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Election Year: 1982
Scientific Discipline: Medical Genetics, Hematology, and Oncology
Membership Type: Member
E. Donnall Thomas performed the first successful bone marrow transplant in 1969. Bone marrow, which is vital for the production of blood cells and cells that support the immune system, could only be transplanted when both individuals were identical twins. Over many years, he carefully refined his procedure by matching tissue types and using drugs that inhibit transplant infections. In 1990 he was jointly awarded the Nobel Prize in Physiology or Medicine for his discovery concerning “cell transplantation in the treatment of human disease".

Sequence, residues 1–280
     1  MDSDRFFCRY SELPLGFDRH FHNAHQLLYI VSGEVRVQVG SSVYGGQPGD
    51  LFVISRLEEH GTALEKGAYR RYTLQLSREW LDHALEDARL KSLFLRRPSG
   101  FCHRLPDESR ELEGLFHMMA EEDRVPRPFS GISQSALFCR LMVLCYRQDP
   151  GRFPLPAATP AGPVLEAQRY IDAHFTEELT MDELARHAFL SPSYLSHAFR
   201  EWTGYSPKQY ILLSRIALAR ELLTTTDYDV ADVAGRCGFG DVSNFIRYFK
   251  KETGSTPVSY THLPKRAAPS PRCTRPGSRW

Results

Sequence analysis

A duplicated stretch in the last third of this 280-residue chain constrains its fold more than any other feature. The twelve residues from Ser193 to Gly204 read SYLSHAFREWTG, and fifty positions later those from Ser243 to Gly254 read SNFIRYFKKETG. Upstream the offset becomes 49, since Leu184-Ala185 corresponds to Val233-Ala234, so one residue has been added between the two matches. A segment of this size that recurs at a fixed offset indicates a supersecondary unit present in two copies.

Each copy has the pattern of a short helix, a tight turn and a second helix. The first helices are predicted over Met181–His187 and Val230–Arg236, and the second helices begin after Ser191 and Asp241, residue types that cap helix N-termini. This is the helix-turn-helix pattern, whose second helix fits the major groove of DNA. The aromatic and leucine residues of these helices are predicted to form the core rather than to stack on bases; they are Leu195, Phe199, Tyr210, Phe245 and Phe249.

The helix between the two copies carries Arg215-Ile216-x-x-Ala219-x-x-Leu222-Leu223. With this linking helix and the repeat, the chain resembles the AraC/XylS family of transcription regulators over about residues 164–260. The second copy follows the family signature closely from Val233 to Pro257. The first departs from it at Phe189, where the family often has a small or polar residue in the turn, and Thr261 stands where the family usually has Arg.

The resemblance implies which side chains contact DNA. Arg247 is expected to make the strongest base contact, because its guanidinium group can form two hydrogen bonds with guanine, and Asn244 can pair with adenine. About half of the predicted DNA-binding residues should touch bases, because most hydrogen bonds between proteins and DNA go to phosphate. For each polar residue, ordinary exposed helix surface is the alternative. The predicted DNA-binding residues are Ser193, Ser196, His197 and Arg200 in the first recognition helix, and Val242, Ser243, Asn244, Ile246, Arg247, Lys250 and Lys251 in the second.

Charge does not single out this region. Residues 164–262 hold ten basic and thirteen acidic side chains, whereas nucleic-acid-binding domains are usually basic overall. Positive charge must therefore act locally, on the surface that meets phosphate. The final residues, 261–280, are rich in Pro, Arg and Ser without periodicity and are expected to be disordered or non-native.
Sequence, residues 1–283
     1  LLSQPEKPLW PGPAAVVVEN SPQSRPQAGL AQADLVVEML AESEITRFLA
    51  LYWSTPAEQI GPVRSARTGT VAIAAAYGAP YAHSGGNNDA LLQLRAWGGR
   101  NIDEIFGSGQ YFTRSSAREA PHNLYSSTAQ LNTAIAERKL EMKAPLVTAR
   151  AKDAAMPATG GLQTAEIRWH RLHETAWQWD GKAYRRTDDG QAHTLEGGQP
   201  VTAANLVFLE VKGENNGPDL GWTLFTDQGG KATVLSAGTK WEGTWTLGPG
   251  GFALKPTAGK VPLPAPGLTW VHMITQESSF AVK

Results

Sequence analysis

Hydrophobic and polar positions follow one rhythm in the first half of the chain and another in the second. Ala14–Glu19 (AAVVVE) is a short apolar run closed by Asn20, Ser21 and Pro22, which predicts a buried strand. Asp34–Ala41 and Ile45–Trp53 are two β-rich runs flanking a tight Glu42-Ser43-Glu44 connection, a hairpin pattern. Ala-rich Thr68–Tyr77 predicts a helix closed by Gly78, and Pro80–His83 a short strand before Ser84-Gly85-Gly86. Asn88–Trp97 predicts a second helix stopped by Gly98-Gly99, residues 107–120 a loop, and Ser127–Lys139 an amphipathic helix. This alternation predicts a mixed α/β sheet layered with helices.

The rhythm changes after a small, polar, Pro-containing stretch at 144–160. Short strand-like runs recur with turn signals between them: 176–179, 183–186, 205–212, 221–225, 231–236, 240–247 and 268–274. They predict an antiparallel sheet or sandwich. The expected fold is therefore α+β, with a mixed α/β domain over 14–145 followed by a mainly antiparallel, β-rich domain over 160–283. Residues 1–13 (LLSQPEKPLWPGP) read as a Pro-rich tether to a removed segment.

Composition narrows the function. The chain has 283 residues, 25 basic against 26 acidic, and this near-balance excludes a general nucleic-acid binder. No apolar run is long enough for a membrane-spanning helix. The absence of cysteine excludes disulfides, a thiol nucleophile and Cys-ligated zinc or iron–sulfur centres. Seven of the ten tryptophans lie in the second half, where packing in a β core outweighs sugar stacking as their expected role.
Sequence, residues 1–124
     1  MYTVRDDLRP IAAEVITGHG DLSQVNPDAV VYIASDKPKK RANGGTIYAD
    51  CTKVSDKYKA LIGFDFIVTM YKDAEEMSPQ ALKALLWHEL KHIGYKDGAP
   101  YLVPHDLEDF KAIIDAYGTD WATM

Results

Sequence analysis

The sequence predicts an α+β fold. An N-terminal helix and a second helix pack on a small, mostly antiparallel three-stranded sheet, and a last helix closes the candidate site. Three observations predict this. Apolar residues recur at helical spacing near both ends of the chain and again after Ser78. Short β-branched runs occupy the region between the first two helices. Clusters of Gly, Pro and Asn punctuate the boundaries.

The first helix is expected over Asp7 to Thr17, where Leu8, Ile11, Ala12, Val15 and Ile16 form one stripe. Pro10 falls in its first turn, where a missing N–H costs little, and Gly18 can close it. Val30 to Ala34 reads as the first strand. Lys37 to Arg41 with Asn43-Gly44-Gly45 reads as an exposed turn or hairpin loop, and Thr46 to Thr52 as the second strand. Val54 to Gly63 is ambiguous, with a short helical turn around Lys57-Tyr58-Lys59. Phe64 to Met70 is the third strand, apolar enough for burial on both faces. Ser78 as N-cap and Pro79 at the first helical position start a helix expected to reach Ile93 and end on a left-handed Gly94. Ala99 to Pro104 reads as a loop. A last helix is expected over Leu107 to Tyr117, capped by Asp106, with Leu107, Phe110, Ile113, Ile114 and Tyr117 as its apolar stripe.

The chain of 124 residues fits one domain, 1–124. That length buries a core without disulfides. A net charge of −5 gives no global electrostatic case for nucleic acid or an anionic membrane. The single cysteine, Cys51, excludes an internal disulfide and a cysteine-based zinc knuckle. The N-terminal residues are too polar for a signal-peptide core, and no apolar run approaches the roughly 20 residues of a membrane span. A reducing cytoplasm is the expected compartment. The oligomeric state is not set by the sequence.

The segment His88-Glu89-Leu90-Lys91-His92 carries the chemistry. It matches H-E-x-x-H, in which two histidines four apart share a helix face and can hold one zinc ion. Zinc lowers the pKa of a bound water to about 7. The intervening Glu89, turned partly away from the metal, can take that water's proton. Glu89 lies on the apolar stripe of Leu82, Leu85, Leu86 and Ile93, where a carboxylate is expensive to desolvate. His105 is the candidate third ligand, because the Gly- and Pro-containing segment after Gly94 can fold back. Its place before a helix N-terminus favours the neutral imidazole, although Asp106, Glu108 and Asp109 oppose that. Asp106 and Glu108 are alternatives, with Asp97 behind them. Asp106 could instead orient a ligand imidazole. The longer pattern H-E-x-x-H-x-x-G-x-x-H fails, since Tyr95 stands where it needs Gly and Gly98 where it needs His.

Thomas earned his B.A. in 1941 and M.S. in 1943 from the University of Texas. He received his medical degree from Harvard Medical School in 1946 and completed his residency at the Peter Brent Brigham Hospital. In 1950 he was a National Research Council Postdoctoral Fellow at the Massachusetts Institute of Technology. From 1953 to 1955 he served as an instructor at Harvard Medical School and a resident associate at the Cancer Research Foundation at the Children’s Medical Center in Boston. He was Physician-in-Chief at the Mary Imogene Bassett Hospital and a professor of medicine at the College of Physicians and Surgeons at Columbia University from 1955 to 1963. In 1963 he began his career at the University of Washington School of Medicine where he was the director of medical oncology.